Mrs. Margaret Fell, who had been a widow about two years, in 1660 was, in a degree, involved in the severe proceedings against Fox; for, that they might lay hold of him, they forcibly entered and searched her house; of this she complained in an appeal to the public, as an injury offered to herself, and a violation of the liberty of the subject.+ In the year 1663, this lady, the widow of a judge and a woman of estate, was cited before the justices, and questioned about keeping meetings at her house, and the oath of allegiance was tendered to her; on which she expostulated with them, that as "they knew she could not swear, why should they send for her from her own house and her lawful affairs to insnare her?" adding, "What have I done?" This remonstrance, for the instant, impressed their minds, and they declared they would not urge the oath, if she would not keep meetings at her house. To this proposal she magnanimously replied," she would not deny her faith + Ibid. vol. 1. p. 435, 436.
*Gough, vol. 2. p. 150-156.
Mr. Gough properly remarks on this proposal, that it was a plain confession, that the tender of the oath was a mere pretext to be vexatious to the subject, an arbitrary measure assumed for the mere purpose of persecution.
and principles for any thing they could do against her, and while it should please the Lord to let her have a house, she would endeavour to worship him in it.” On this the oath was tendered, and on her refusal, she was committed to Lancaster-castle, a prison then crowded with numbers of the same profession, and the state of which heightened the evil of confinement. Here she was detained till next year.*
When, in the month of August, she was, at the assizes, brought to her trial on the same account, she persevered in refusing the oath, and answered the judge with good sense and pious intrepidity. Her counsel was admitted to plead an arrest of judgment, after the jury gave a verdict against her, and found several errors in the indictment, but they were not admitted by the judge, and sentence of premunire was passed upon her. She remained in prison twenty months, before she could obtain liberty to go to her own house, which she procured for a little time, and returned to prison again, where she continued about four years, till released by an order of the king and council.+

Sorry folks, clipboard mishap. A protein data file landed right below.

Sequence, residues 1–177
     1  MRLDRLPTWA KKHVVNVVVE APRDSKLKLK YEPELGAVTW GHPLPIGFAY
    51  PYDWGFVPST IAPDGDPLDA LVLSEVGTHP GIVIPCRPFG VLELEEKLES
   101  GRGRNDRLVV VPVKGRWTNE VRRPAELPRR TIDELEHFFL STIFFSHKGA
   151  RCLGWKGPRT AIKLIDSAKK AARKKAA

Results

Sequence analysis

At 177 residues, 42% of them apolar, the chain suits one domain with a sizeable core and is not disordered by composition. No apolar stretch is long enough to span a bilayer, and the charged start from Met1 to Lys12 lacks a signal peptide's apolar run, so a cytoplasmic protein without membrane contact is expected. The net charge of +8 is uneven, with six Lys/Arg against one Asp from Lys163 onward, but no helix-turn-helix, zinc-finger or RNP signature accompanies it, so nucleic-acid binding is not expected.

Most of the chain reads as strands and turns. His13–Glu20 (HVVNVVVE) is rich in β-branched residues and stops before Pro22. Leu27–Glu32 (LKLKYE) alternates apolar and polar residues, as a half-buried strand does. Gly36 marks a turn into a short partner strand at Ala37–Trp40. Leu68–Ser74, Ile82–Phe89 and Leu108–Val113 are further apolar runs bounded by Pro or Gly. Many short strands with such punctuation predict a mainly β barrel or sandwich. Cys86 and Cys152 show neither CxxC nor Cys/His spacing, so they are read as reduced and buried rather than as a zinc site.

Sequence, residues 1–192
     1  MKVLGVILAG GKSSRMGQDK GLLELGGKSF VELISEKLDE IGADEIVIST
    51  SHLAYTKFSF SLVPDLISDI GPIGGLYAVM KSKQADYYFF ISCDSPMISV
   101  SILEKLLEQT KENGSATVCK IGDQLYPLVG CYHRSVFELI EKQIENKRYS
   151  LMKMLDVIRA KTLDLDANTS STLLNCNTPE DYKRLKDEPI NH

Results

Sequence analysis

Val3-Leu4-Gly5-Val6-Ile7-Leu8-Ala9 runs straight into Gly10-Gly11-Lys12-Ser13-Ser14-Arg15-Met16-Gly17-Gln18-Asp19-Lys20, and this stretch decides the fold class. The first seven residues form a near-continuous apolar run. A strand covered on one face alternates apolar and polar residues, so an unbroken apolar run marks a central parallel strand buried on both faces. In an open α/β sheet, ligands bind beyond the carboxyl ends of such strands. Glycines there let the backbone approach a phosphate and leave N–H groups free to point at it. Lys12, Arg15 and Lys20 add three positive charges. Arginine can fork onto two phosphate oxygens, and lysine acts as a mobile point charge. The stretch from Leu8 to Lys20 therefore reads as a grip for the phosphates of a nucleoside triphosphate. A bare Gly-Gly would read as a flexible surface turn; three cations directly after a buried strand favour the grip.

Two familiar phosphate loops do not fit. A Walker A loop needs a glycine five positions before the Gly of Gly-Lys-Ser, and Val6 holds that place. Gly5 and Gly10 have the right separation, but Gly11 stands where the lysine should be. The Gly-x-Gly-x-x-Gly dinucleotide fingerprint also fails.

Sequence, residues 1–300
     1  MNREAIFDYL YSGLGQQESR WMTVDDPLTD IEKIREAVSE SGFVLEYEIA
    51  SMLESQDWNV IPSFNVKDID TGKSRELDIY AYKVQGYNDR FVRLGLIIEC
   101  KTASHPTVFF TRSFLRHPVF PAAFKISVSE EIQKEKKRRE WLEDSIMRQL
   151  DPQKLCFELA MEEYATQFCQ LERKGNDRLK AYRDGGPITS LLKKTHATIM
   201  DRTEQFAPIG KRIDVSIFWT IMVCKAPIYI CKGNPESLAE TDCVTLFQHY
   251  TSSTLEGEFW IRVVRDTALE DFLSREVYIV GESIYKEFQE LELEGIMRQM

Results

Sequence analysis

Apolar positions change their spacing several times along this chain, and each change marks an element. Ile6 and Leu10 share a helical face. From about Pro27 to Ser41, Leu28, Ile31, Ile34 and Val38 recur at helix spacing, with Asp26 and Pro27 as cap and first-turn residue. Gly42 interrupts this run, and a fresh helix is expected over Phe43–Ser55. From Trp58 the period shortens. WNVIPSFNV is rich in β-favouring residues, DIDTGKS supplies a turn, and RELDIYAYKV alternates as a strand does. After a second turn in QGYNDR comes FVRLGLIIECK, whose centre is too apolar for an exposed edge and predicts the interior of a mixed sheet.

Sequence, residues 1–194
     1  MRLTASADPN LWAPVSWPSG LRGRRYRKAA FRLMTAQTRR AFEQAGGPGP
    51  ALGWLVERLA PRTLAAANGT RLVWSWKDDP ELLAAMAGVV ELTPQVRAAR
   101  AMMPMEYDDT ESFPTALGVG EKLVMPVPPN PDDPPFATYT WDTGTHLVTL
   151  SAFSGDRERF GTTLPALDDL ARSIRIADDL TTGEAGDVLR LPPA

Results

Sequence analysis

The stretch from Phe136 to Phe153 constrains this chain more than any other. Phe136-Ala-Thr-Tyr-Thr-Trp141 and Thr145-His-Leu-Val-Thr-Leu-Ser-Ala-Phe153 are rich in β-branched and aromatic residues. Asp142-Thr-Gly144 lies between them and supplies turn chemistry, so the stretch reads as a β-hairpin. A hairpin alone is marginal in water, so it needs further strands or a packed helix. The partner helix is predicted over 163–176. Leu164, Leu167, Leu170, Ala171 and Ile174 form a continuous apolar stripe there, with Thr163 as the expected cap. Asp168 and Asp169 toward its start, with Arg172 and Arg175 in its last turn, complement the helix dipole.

Another of the society of Quakers, whose sufferings are recorded in a distinct narrative, was their noted preacher, Mr. Francis Howgill. This respectable man, as he was in the market-place at Kendal on his lawful business, was summoned before the magistrates then sitting in a tavern ; who tendered him the oath of allegiance, and, on his conscientious refusal of it, committed him to prison till the next month. At the spring assizes of 1663, the oath was again administered unto him, and on his refusal, an indictment was drawn up against him, which he traversed. A bond for his good behaviour till his trial came on being required of him, he suffered himself to be recommitted to prison rather than give it, as he apprehended it would be a tacit acknowledgment of past ill-behaviour, and his attendance at meetings in the mean time, which a sense of duty would not suffer him to neglect, would be interpreted as a breach of engagement. I As he was going to the prison he turned to the people, and uttered this devout wish, “ The fear of God be among you all.” And the people generally appeared very affectionate to him, and pitied his hard cir* Gough, vol. 2. p. 29, &c.
# Ibid. p. 31, 32.